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Why the Cubs saw Jameson Taillon as a sweeping slider candidate

Over the last couple of years, as Jameson Taillon got further away from his second Tommy John surgery, he’d had a thought in the back of his mind.

He wanted to figure out a way to improve his slider. It wasn’t as consistent as he would’ve liked it to be. He thought there was plenty of room for it to grow. And after being traded from the Pirates to the Yankees in January 2021, he joined an organization with a strong reputation for helping pitchers develop those “sweeper” sliders.

The problem was that Taillon just didn’t have the time to add the pitch to his arsenal. That offseason heading into the 2021 season was still affected by COVID protocols, and then the trade didn’t come until just a few weeks before pitchers and catchers reported to spring training. Last offseason, the lockout didn’t allow Taillon and the Yankees to communicate for 99 days.

So, the timing just worked out that this was the first winter where he really had the opportunity to work on his slider.

“I just feel like I have another gear that I can hit, and I feel like some low-hanging fruit was like, ‘Let’s make the slider better,’ whether it’s a new grip, or whether it’s just improving the slider I had,” Taillon said. “That was something I already had in my mind. A lot of the big home runs I gave up last year was on my slider. I had some good stretches with it, but I also had some bad stretches with it. So, I just want to eliminate that inconsistency factor, just add another weapon. It’s worth a shot.”

As much as Taillon wanted to add the pitch, it takes two to tango. After he signed with the Cubs in December on a four-year, $68 million pact, the two sides immediately discussed what they felt he should take the offseason to work on. Fortunately for him, the sweeping slider was very much something the Cubs thought he could add to his arsenal, too.

“We just kind of presented that with him as, like, ‘Look, things you already do well contribute to what we would consider a more sweeper-type breaking ball that you can generate more swing-and-miss and stuff in there as well,'” Cubs pitching coach Tommy Hottovy said. “So, just being able to use what he already does well and play with some grips and some thought processes about how to create that kind of sweeper-type breaking ball, we think it would help give him another weapon to get a swing and a miss or get some of that chase outside.”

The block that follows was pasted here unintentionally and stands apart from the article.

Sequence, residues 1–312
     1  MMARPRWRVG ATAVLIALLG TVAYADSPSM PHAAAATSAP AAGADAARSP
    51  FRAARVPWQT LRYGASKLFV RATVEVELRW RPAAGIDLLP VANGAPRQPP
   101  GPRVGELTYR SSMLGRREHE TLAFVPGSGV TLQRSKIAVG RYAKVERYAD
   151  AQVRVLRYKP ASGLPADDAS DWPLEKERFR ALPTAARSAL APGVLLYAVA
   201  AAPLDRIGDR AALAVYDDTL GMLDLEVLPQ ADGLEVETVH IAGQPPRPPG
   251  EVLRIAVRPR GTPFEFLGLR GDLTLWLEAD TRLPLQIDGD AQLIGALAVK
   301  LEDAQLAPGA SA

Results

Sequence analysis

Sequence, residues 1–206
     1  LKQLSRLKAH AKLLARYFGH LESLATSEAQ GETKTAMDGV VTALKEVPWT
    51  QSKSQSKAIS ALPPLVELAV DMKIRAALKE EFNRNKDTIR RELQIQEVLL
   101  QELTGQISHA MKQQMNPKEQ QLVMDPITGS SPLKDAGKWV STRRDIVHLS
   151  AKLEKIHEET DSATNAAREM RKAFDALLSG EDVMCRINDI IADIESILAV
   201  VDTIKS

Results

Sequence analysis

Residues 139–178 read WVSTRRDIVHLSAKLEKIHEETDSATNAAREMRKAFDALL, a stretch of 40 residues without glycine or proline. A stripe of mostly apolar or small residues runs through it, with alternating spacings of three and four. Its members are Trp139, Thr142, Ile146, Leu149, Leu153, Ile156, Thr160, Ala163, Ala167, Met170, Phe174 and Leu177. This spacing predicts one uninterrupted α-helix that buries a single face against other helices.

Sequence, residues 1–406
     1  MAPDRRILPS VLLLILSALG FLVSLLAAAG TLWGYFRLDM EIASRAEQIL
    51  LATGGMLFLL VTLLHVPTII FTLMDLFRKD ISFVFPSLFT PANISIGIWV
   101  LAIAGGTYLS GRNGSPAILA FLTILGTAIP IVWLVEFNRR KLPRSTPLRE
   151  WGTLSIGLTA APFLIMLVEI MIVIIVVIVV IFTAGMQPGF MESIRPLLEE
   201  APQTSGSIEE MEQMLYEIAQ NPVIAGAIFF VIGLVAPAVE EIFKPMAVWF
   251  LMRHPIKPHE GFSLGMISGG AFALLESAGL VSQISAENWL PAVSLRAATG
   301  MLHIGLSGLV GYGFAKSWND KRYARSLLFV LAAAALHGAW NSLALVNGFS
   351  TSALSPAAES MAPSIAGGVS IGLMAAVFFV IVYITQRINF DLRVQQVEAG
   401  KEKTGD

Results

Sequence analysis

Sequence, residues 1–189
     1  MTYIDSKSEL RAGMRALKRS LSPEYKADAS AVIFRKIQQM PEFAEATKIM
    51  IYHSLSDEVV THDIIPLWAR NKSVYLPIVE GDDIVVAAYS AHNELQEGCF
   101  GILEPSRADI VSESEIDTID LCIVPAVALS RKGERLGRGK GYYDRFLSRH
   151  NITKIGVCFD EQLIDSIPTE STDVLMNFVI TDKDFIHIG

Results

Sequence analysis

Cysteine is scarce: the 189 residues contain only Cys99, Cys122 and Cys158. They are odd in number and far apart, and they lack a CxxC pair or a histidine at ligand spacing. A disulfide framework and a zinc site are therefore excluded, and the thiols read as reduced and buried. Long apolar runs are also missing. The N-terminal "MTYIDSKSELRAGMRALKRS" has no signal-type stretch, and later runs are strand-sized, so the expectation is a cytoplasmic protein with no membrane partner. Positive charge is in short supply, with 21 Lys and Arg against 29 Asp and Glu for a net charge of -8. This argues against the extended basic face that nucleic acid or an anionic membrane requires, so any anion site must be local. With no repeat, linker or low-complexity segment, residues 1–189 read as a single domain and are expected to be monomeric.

It’s important to analyze the reasons why the Cubs thought of him as a candidate to add the sweeper in the first place.

That’s a process that began as soon as they identified him as a free-agent target. They researched what he does well, and they came to the conclusion that the way he throws his curveball actually lends itself well to the slider they want to incorporate.

Taillon’s curveball has two traits that also make a sweeping slider make sense. For one, Taillon’s curveball spin rate ranked in the 83rd percentile among major league pitchers in 2022 (per Baseball Savant). So, he clearly has the ability to spin the ball at a high level.

“You see what [Taillon’s] able to do with the curveball,” Cubs assistant pitching coach Daniel Moskos said. “That obviously gives you an indication of like, ‘OK, can you spin this the way you need to to be able to get the slider shape that we’re looking for.”

The second trait comes from the fact that Taillon can throw curveballs with more horizontal break than league average — though he can do so not because of his top-tier spin rate. He generates that movement due to natural seam-shifted wake (i.e., movement generated not from spin). In fact, despite Taillon’s ability to spin pitches well, he doesn’t do a great job at translating it to movement.

The Cubs think of Taillon as an ideal candidate for this sweeping slider because of his spin rate and seam-shifted wake. The idea seems to be to implement a slider that is actually designed for pitchers with heavy seam-shifted wake and high but untranslated spin rate.